~ On the day that LUMA Energy’s contract was set to expire, Puerto Rico Gov. Pedro Pierluisi announced that his administration would be extending its contract with the private electricity company indefinitely.

LUMA has done a crap job of actually supplying electricity to the people of Puerto Rico, though it’s pretty good at charging them up the nose for the constant brownouts and blackouts.

~ “LUMA, PREPA, Wall Street, and the fossil fuel companies” are hammering out a proposal that would have Puerto Ricans “pay for debt incurred some 20 or 30 years ago for the next 50 years,” writes IEEFA’s director of financial analysis, Tom Sanzillo. “That means, in 2070, Puerto Rico ratepayers will be paying off obsolete technologies like Selectric Typewriters and fax machines bought by PREPA in the 1980s and 1990s.”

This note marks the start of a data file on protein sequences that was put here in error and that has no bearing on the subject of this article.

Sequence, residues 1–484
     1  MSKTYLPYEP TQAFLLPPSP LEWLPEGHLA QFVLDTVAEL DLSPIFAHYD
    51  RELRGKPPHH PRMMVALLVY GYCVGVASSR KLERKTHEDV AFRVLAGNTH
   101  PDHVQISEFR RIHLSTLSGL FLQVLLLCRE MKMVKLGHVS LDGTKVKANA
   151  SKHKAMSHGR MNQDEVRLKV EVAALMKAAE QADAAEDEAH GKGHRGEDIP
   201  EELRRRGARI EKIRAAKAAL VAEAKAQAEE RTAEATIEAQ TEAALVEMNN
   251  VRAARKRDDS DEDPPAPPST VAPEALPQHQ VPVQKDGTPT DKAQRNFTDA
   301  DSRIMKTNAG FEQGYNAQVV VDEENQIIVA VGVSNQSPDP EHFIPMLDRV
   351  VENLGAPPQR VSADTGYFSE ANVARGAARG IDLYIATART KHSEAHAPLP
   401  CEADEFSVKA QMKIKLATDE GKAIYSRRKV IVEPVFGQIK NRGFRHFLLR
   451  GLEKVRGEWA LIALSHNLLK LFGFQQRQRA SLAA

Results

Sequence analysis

~ Puerto Rico’s defunct Electric Power Authority, which LUMA replaced last year, is the only public utility whose debt is yet to be restructured. Bondholders are asking for a high return on its debt, but there simply isn’t enough money in Puerto Rico to meet their demands without forcing the colony into another bankruptcy.

So the Thursday deadline for all parties involved to submit a new debt restructuring proposal came and went.

We should start calling any such deadlock in debt negotiations a “Puerto Rican standoff.”

~ The Inter-American Human Rights Court, part of the Organization of American States, has declared Nicaragua in contempt of court for ignoring its ruling against political prisoners.

But no one cares what the OAS, the UN, The Hague, or any international governing body has to say about anything—least of whom the United States.

~ Salvadoran officials are preparing 26 shelters that could accommodate more than 10,000 people after the Chaparrastique volcano in San Jorge began erupting on Sunday. It’s only a minor eruption though, according to the Environmental Ministry.

~ Salvadoran President Nayib Bukele knows exactly what to do with Internet trolls: hire them.

~ In an effort to allieviate fears that it’s going to default on its debt, El Salvador is set to buy some of it back.